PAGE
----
So it’s the end of another year. The years do seem to go faster except when something ugly is going on. Then time tends to stand still. You name your ugly ~ you know what I mean. New Year’s Eve is an interesting night. I’ve had good ones but for the most part it has never been a “big” night. Perhaps the trend for low intensity New Year’s Eve began when I was barely old enough to actively celebrate. New Years Eve 1965. I had a boyfriend, we exchanged presents ~ though he bought the “wrong” heart ring, if you remember those ~ and Mrs. Fitz exchanged her most memorable greeting upon meeting him. I do not want to offend my Italian American friends by repeating her martini-laden response to their introduction following our “family” Christmas dinner, but I will say he was most gracious and laughed rather than file a complaint with the Italian Anti-Defamation League, a la “let’s change the name of Exit 39S on the Long Island Expressway.” I’m sure we had plans for New Year’s Eve, but between Christmas and New Years I got chicken pox. One of the joys of a having seven year younger brother. I insisted I felt just fine but the budding “pox” said otherwise. It was determined I was probably still contagious, my parents cancelled the babysitter, bode farewell to their two itchy offspring and went to a party. I recall the boyfriend came over but didn’t stay too long, so I was left to Guy Lombardo and lamentation. I remember thinking that I would be 50 years old in 1999. It seemed like, well, the end of the century and unbelievable. In 1965 my parents were 47 and 45, so to me fifty seemed older than dirt. The sadness of JFK was receding and we were sort of back to living the American Dream on the North Shore of Long Island. At the time I had no idea I would look back at this as a decade of extremes, of transformational change and bizarre contrasts: flower children and assassins, idealism and alienation, rebellion with backlash that fundamentally affects our way of life today. “The Sixties were an edgy time of transition, change, and confusion, ” observed journalist Kati Marton in Hidden Power: Presidential Marriages That Shaped Our Recent History.” In 1963 Betty Friedan published her book The Feminine Mystique, in which she claimed that ‘the problem that has no name burst like a boil through the image of the happy American housewife.'” I learned years later that the first tranquilizer, Librium, came on the market in 1960, in part to help alleviate the distress many women felt after returning to “waxy yellow build-up” following their stint in the work force during World War II. But they were after “us,” too with the drug. “A Whole New World … of Anxiety” read one of the early Roche ads for Librium, featuring a young woman with a pageboy hairdo holding an armload of books, wearing a short stadium coat and heading off to college. The copy made it sound as though every step in this “whole new world” called out for a tranquilizer. “ The new college student may be afflicted by a sense of lost identity in a strange environment …her newly stimulated intellectual curiosity may make her more sensitive to and apprehensive about unstable national and world conditions.” The ad lists other sources of “anxiety” in a college student’s life — new friends, new influences, stiff competition for grades and tests of her moral fiber — that could just as easily be seen as growing pains, or as a healthy response to the turbulent world of the 1960s, when this ad appeared in The Journal of the American College Health Association. But Roche wanted doctors to believe that they were problems, not adventures, and that they warranted a prescription for Librium.” What I found most interesting is the advertising of tranquilizers were targeted to women. Only women. While Lesley Gore’s hit song ‘You Don’t Own Me’ climbed the charts, Leave It to Beaver and Father Knows Best dominated television. In 1965 when asked “what is femininity” by Teen Magazine, Connie Stevens, responded “You work at being a good homemaker, making it fun and romantic.” In 1966, the National Organization for Women was formed. In 1968, feminists protested at the Miss America contest in Atlantic City, arguing that the pageant was sexist. In hindsight, I clearly recognize my confusion over the path my life would take. I would get married and have 2.2 children ..or have a brilliant career doing what I did not know ..or run away and join the circus. But on New Year’s Eve 1965 no introspective musings entered my mind. I watched the “ball” drop, Guy Lombardo and applied calomine lotion to an increasingly itchy me. I thought about the year ahead with all 16 year old intentions. Should I wear my new Villager sweater and skirt on my first day back to school? Will my “wrong” heart ring be ok? Pretty shallow stuff, as I recall. Fast forward 48 years…Dick Clark replaced Guy Lombardo and is no longer with us. I am no fan of Ryan Seacrest but I do enjoy the fact that the ball drops three hours earlier now that I live in California. As far as I’m concerned, when it’s 2014 in New York it will be 2014 for me, but that’s probably because I rarely make it to Midnight Pacific Standard Time. I never did turn into a New Year’s Eve Party Animal and happily am married to a man who feels the same way. I’ve also never been a fan of New Year’s Resolutions. Follow-through can be tedious. As I think about this new year I’ve decided I will make a resolution. Just one. But first I will share a story. The last time I saw my Mom in the hospital I gave her a manicure. A first. I remember holding her hands, knowing this would never happen again. When she passed I inherited her jewelry so I stopped biting my nails. I have my mother’s hands and, when they grew, her nails. For many years I shaped my nails differently than she did ~ I’m not sure why, but I just did. But now I don’t. I look at my hands and my nails and I see her. Every day. It makes me smile. I wear red nail polish most of the time, or none. When we moved I couldn’t find my red OPI polish and went to buy another bottle. At the drug store I picked almost the exact same color I always wear and then thought, “let’s try something different” and chose something else. Something very different. I hesitated and said to the clerk, “I’m too old for this.” She said “never,” so my new polish and I left. I tried it and made Jay tell me 100 times it didn’t look stupid. Fast forward to last week when I’m listening to Good Morning America. Being a “housewife” has some down time for meaningless pursuits, so when they mentioned their holiday “deal” I rushed to the site and ordered my Julep nail polish selection at 75% off. They are bold, brash colors. When they arrived I thought “I can’t wear these.” Then I thought, “why not?” I made a decision. I will wear this different nail polish… I will look at my hands and hear my mother’s voice, “You can be anything you want to be, Janet…do whatever you want to do.”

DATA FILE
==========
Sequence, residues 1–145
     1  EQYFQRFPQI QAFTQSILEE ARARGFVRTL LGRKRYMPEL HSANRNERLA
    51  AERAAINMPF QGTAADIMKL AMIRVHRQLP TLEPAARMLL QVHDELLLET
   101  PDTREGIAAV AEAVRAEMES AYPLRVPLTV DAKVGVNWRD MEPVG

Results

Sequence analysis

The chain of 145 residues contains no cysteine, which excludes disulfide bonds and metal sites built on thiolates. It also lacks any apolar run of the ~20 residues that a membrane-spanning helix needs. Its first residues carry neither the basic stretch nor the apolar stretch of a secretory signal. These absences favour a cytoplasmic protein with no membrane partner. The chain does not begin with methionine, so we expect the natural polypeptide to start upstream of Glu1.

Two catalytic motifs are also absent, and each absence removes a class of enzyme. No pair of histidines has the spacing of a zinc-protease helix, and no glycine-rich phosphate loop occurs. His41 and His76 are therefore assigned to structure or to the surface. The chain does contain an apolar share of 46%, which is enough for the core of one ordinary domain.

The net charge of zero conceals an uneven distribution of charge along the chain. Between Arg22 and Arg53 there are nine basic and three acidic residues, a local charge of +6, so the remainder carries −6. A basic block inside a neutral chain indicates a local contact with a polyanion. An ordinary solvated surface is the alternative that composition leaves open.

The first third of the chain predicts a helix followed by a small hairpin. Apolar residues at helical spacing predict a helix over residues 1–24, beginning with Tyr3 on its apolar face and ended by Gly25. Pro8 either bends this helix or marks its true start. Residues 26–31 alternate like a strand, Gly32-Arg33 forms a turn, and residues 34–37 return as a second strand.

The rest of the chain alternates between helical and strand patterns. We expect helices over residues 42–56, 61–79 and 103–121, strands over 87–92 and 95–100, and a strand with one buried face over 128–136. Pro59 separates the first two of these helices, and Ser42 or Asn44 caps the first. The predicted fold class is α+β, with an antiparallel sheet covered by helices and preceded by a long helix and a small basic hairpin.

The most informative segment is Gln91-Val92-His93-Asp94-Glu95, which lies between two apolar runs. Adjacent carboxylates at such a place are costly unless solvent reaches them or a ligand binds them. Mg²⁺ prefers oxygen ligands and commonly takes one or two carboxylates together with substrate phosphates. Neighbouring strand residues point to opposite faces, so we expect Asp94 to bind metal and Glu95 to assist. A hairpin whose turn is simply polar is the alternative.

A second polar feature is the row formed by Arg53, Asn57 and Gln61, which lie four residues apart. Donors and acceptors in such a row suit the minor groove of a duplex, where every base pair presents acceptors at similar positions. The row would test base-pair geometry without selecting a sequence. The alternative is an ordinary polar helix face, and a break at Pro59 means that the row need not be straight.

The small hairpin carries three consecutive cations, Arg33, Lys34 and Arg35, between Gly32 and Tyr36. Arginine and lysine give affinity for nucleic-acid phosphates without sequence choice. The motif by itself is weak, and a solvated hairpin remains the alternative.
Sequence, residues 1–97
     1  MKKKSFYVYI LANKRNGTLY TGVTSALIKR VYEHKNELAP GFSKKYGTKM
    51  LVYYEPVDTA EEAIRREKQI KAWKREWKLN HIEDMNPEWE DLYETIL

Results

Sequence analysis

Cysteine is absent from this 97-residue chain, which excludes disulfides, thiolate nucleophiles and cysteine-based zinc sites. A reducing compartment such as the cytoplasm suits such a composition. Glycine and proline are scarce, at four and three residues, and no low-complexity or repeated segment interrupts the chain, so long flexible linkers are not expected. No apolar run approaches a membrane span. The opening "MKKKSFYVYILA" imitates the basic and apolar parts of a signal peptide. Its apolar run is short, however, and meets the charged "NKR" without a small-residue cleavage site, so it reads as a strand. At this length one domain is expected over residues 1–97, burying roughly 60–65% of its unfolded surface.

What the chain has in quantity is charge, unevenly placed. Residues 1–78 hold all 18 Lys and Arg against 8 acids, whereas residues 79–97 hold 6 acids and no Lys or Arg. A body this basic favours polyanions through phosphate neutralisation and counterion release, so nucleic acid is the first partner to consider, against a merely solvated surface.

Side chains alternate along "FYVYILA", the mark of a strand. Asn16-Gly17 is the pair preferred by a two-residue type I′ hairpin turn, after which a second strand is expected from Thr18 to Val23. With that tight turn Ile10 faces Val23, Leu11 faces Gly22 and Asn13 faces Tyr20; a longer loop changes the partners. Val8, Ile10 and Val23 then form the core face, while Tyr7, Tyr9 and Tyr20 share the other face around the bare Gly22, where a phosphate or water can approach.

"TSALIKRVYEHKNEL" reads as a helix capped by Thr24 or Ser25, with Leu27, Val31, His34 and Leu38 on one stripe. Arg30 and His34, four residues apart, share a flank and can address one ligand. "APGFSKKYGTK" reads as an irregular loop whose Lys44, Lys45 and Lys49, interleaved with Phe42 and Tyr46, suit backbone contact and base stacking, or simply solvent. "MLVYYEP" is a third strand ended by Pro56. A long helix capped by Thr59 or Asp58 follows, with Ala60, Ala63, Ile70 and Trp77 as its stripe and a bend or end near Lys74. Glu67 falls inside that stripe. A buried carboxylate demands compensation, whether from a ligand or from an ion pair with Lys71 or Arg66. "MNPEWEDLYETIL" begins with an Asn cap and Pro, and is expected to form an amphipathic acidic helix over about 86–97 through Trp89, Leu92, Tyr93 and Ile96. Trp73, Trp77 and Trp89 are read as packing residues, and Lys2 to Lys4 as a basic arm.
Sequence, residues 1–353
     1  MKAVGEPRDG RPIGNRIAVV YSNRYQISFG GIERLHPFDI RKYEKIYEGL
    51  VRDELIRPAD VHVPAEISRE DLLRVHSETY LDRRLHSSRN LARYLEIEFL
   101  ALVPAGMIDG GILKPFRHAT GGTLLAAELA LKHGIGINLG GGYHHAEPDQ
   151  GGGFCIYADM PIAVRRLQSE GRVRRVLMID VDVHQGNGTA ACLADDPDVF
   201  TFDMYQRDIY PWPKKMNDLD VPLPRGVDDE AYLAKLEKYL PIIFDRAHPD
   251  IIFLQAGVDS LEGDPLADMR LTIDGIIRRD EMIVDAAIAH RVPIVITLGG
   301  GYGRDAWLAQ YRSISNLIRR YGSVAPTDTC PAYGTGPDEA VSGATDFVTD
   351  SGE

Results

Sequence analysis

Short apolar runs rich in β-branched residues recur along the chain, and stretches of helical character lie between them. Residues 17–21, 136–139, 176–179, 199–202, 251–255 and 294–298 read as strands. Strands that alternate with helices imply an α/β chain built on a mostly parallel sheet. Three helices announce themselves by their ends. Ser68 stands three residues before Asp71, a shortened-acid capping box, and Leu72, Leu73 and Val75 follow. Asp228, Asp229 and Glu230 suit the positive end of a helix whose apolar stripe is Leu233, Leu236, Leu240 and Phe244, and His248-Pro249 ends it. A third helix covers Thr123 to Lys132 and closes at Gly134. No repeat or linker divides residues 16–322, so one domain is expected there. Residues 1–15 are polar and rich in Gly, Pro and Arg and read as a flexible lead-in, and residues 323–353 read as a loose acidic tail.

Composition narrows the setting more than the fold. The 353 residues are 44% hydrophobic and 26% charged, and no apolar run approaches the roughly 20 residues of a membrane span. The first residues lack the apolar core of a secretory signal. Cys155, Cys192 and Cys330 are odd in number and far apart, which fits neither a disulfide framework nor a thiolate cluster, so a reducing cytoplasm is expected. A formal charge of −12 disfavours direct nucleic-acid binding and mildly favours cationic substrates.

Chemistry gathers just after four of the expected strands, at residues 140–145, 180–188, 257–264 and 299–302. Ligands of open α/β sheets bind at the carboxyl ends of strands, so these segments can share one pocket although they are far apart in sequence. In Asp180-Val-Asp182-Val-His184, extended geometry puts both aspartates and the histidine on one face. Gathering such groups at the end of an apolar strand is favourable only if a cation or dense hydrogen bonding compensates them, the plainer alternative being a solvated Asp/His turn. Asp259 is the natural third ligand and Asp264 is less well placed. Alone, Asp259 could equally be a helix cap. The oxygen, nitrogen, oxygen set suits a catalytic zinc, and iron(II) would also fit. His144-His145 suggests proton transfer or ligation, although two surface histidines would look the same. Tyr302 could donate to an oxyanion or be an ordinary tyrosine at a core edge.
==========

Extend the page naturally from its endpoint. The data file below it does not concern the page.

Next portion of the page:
She never really said those words but I know she meant to.
My resolution? I will be bold about things that matter.
I’ll let you know how it goes.
Happy New Year, my friends!